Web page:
Home truth: Philanthropic housing has long been used to control working classes
Housing philanthropy has long been deployed through Irish history - largely as a means of keeping workers happy and healthy but also under the heel of their employers.
Anglo-Irish rural landlords for centuries provided homes on lands their forebears had taken from locals. However, the homes rented out to tenants were of very poor quality and issued at very high rents.
Please log in or register with Independent.ie for free access to this article.
The notion was that most of the money earned in meagre wages by agri- workers was paid straight back to their landlord bosses as rent. It meant tenants were little more than serfs.
But by the middle of the 19th century, owners of big city businesses both in Ireland and in Britain were living in fear of the prospect of a full-blown revolution and of socialism and anarchy from the poor and working classes.
There had been upheavals in Europe and numerous "red" assassinations and bombings. The Fenians had reared their heads both here and in Britain. Trade unions and strikes were emerging with the spread of socialism and suffrage for the working classes. Big business owners were terrified. So they built homes.
The best example of business-provided housing in Ireland is that provided by the Guinness-created Iveagh Trust in Dublin. Elaborate redbrick blocks containing hundreds of flats were built in the vicinity of the James's Gate Brewery and they are still standing and occupied today. Through the Iveagh Trust, the Guinness family in the late 19th century and beyond provided apartments with two and three bedrooms. These were an absolute luxury back when workers in Dublin could expect their entire families to live in a single slum room.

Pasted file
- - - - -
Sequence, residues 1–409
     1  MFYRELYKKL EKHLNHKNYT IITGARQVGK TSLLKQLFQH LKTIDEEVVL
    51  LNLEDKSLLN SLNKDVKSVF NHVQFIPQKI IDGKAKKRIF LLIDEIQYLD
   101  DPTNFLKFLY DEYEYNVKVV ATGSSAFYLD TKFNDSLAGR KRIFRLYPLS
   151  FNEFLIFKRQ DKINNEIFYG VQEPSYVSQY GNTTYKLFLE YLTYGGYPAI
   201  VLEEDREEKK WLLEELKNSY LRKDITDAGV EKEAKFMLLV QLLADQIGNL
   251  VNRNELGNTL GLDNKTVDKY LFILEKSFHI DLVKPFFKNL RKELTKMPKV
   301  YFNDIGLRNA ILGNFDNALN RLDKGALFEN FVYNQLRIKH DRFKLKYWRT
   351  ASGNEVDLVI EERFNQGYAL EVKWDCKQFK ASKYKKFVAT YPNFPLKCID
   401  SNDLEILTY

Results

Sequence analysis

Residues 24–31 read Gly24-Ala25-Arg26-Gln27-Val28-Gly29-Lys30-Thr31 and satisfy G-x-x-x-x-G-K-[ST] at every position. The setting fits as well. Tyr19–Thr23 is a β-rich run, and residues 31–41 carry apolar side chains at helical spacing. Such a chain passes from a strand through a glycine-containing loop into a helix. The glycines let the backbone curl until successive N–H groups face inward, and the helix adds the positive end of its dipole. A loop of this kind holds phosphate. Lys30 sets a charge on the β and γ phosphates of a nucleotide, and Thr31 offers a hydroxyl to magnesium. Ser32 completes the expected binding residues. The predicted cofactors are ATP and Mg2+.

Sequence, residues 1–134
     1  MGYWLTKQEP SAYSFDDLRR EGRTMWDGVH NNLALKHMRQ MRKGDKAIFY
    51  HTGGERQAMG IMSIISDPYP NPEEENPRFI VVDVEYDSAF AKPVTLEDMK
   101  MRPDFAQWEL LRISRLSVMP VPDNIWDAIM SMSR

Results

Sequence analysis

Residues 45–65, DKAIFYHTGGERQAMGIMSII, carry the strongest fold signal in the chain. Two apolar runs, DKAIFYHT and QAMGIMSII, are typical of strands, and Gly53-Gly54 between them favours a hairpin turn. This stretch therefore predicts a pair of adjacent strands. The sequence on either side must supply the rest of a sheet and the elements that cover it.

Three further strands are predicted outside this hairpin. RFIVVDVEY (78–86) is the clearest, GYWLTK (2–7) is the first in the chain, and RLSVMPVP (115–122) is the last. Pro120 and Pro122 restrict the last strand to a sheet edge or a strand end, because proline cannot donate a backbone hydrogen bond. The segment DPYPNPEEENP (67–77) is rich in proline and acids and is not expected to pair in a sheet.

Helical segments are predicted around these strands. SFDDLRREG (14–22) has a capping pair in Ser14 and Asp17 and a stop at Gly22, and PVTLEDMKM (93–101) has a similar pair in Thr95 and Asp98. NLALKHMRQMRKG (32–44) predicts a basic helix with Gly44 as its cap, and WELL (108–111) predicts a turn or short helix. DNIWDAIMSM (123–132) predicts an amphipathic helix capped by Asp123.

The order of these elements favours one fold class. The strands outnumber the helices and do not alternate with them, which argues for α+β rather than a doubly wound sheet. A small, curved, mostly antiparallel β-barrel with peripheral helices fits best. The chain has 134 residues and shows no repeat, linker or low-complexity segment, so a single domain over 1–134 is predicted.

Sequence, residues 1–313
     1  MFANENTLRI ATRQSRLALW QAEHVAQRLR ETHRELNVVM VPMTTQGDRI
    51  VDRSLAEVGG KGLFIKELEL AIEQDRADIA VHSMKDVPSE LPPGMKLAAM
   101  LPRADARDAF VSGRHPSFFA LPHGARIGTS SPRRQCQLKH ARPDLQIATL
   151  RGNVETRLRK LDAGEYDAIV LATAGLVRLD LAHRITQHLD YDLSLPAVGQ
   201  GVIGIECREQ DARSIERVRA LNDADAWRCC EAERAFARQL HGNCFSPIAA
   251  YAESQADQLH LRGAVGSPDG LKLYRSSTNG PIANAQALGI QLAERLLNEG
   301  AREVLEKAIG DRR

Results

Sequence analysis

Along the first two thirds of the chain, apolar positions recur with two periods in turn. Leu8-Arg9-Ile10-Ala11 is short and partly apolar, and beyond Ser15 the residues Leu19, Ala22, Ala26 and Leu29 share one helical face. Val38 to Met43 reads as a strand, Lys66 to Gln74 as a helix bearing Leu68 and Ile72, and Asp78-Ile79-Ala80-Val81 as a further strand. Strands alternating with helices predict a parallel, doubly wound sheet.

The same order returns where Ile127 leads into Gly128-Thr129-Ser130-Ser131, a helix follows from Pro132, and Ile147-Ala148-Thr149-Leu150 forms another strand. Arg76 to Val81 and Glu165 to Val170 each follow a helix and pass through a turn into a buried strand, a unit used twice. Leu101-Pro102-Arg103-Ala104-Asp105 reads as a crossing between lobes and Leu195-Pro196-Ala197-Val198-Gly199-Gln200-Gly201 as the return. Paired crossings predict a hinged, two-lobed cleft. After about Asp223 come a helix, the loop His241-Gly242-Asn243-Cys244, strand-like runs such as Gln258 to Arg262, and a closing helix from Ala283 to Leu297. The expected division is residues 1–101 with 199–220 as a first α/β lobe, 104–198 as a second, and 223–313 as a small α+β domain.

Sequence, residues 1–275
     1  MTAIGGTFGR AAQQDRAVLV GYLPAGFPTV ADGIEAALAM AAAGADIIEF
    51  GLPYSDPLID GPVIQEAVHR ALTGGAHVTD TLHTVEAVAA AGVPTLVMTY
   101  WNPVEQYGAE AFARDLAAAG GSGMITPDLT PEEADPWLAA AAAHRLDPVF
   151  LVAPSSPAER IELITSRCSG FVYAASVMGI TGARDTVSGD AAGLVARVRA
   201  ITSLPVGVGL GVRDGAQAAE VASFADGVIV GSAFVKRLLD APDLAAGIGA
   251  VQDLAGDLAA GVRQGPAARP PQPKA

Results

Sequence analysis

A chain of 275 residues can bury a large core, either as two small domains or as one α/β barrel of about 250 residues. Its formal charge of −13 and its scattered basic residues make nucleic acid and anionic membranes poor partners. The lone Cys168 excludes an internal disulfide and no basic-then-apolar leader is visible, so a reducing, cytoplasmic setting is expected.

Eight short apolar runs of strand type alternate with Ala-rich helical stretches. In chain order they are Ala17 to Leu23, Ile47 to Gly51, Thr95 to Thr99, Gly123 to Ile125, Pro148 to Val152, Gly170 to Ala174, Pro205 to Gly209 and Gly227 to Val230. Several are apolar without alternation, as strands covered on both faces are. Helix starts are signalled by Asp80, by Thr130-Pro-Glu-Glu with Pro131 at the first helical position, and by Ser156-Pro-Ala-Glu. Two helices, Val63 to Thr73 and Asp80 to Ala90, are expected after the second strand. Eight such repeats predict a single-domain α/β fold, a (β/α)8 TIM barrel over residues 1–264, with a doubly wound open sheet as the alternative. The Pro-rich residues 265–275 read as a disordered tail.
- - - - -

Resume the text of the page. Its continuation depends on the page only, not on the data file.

The Guinnesses also provided public baths, a market, a public park for workers (the Iveagh Gardens) and sports and childcare functions.
While it might seem that the Guinness family were being unusually generous, there was also a very practical and commercial side to this housing philanthropy.
The Dublin slums were among the worst in Europe and a source of TB and cholera. The operators of a big brewery like Guinness could simply not have contagion imported into a huge workplace where it would create havoc with production. Healthy workers made for better work. Similarly, the Iveagh public baths were used with a bar of soap. Once again, cleanliness cut down on disease and illness.
Living in a Guinness home meant you were less likely to go on strike or cause trouble in the workplace in times of political and labour upheaval. The same Guinness workers paid rent (back to the Iveagh Trust).
Irish Distilleries also provided housing for their workers (Jameson had terraces around its complex in Smithfield), as did tram and railway companies. So too did the vast Pembroke Estate in south Dublin.
In Rathmines, the local authority provided housing for its firefighters. The owners of mills along Dublin rivers did the same, and examples of these are evident today in areas like Milltown and Windy Arbour.
Stylish but tiny cottages are still very much part of the character of old villages like Ballsbridge, Donnybrook, Ranelagh and Dundrum.
The arrival of company and later local authority social housing vexed Dublin's first 'cuckoo fund' - which despaired of making money from its mission of providing tiny homes to the skilled and working classes at high rents. The Dublin Artisan Dwelling company (DAD) was a semi-philanthropic private enterprise that took in Government loans, but it was mostly established to make big profit for investors.
Between 1879 and 1933, DAD built 3,600 dwellings in more than 30 major schemes across Dublin city, in Dún Laoghaire and in Bray, most of which survive in use to this day.
The DAD gave up building houses in 1933 as the State began finally providing proper social housing in numbers.
DAD slowly began selling off its stock, while at the same time buying commercial buildings. Housing workers at high rents in tiny spaces was no longer a high-profit racket - as it has become again today.